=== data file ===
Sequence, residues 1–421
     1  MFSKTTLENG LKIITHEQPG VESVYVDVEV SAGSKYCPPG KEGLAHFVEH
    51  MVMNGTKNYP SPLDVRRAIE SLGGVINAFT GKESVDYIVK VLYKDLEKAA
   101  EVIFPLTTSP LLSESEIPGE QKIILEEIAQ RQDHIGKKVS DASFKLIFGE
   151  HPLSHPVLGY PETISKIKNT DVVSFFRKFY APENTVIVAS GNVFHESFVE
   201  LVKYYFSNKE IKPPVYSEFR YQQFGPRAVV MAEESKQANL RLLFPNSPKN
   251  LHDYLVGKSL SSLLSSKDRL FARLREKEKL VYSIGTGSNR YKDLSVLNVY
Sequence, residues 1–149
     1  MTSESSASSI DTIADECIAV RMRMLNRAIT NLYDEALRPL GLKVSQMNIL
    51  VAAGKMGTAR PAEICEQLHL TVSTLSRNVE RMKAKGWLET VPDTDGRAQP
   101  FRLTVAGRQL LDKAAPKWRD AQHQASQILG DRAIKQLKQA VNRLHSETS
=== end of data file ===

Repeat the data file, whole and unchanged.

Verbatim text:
Sequence, residues 1–421
     1  MFSKTTLENG LKIITHEQPG VESVYVDVEV SAGSKYCPPG KEGLAHFVEH
    51  MVMNGTKNYP SPLDVRRAIE SLGGVINAFT GKESVDYIVK VLYKDLEKAA
   101  EVIFPLTTSP LLSESEIPGE QKIILEEIAQ RQDHIGKKVS DASFKLIFGE
   151  HPLSHPVLGY PETISKIKNT DVVSFFRKFY APENTVIVAS GNVFHESFVE
   201  LVKYYFSNKE IKPPVYSEFR YQQFGPRAVV MAEESKQANL RLLFPNSPKN
   251  LHDYLVGKSL SSLLSSKDRL FARLREKEKL VYSIGTGSNR YKDLSVLNVY
Sequence, residues 1–149
     1  MTSESSASSI DTIADECIAV RMRMLNRAIT NLYDEALRPL GLKVSQMNIL
    51  VAAGKMGTAR PAEICEQLHL TVSTLSRNVE RMKAKGWLET VPDTDGRAQP
   101  FRLTVAGRQL LDKAAPKWRD AQHQASQILG DRAIKQLKQA VNRLHSETS